The organs and glands used include thymus, liver, kidney, pancreas, spleen, heart, ovary, testis, brain, pituitary and thyroid. They can be given individually or in combination.
The Swiss physician Paul Niehans (1882-1971) is known as “the father of cell therapy”. He founded the famous Clinique La Prairie in Clarens-Montreaux in Switzerland.
There are other clinics, mostly in Europe, offering this therapy in various forms.
There are several variations of cell therapy: the actual organic matter used can be frozen, freeze-dried or suspended in a serum. It can also be taken orally or injected intramuscularly. The cells are usually taken from the embryos of sheep or lambs.
The US company Cell Life Forever, for example, offers oral live cell therapy for the brain, prostate, muscle, skin, testical, kidney, heart, liver, bone marrow and placenta, amongst others.
The company sources its product in France and says that it is checked by the French government’s Institute Alfred Fournier laboratory.
Cell Life Forever says: “Some people may feel or see changes immediately, while others may take a number of supplements and not see any changes. “
The company says that it is unique in providing live cells. In Germany for example, Opotherapy treatments use products altered by sterilisation.
The Baxamed Clinic (Basel, Switzerland) offers “biomodular cell therapy”, which it says can be used as a preventative measure against ageing and also in the the treatment of various diseases.
The fetal cells are sourced from bovine and sheep organs from controlled herds in Australia and New Zealand.
Diseases that can be treated by biomodular cell therapy include congestive heart disease, sexual impotence, Parkinson’s disease, stroke, chronic fatigue, many auto-immune diseases and Down Syndrome. The treatment is customized to each patients’ needs. The products are injected intramuscularly, usually without any negative reaction.
RNA products are made exclusively of biologically active Ribonucleic Acids from fetal organs. These are essential components ov every single cell in the body. They are responsible for carrying out the instructions embedded in the nucleus of the cell for the growth and maintenance of the cell. During the time of youth there is an abundant supply of RNA to ensure the cells health. After the age of 40, though the amount of RNA in each cell dwindles as time passes and chronic degenerative diseases based on a malfunctioning cell repair system start to occur. These products supply the cells with the missing RNA. They come in single organ preparations and in combination products. For a general revitalisation, the RN 13 is commonly used. RN 13, as the name says, contains the RNA of 13 different organ systems. The main strength of RNA though is the successfull treatment of many degenerative diseases, such as Parkinson’s, MS, Post Polio Syndrome and others. The effect of RNA treatment comes on over an extended period of time. Depending on the site and severity of the disease, the effects are usually noticeable within 1 to 3 weeks, In severe cases, the treatment should be repeated every 1 to 2 years.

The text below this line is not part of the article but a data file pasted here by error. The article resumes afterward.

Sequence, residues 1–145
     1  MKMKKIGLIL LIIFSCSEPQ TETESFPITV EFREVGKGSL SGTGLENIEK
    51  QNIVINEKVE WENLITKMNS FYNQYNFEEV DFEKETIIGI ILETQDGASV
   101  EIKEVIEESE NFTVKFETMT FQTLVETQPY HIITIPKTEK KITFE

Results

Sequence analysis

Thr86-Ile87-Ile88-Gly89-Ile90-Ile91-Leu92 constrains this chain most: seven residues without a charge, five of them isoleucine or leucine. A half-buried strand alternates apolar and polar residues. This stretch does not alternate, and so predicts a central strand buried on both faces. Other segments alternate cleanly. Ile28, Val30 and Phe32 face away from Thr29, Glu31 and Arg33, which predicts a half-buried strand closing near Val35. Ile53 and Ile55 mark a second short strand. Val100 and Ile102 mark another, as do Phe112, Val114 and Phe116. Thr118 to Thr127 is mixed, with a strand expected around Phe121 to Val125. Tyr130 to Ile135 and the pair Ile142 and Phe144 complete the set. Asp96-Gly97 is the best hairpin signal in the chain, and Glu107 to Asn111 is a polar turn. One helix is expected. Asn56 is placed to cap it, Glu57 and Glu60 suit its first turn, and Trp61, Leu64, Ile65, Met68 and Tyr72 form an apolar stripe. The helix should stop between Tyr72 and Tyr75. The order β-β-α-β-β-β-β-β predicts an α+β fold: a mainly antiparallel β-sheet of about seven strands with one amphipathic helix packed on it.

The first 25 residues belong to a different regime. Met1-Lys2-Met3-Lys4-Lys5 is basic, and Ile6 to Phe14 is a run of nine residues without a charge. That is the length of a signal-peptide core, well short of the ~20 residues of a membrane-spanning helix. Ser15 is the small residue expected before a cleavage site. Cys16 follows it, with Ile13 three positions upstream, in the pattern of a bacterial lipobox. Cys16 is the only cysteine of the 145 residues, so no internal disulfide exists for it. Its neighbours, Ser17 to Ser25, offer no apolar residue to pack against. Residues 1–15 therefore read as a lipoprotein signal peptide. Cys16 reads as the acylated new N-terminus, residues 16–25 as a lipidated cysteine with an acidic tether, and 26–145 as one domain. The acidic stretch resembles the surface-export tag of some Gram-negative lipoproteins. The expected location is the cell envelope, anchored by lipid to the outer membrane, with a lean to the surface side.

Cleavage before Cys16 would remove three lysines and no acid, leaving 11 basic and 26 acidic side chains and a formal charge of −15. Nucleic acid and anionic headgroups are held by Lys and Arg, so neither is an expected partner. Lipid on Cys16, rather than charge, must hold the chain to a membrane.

The Thymus product we use contains 50 mg Thymus Extract with standardized polypeptides including Thymosin. It is used in the treatment of:
Impaired Immune Function
Support of Cancer treatments
Prevention of Allergies
The most important system in the human body is the immune system. it is responsible for fighting off infective agents such as bacteria and viruses. More important though is its neuroendocrine ability. Research has shown that there is an important link between Thymus hormones and other hormones in the entire body. Thymus hormones induce other glands to produce their specific hormones. In addition, a healthy immune system is of the essence to prevent autoimmune diseases from developing. Thymosin is used not only in the treatment of disease, but also as a preventive measure. The usual course of treatment involves 10 intramuscular injections given over a period of 3 weeks.
The Center for Holistic Life Extension, San Ysidro, California
482 W. san Ysidro Blvd, Suite 1365, San Ysidro, California 92173
TL 01152 664 624 9639
This clinic uses embryonic cells from the blue shark to treat patients.
Health Center Clinique Lemana, Switzerland
Royal Plaza, Grand Rue 97 Case Postale 347
T: +41 021 961 38 12
F: +41 021 961 3813
This clinic uses Cellvital therapy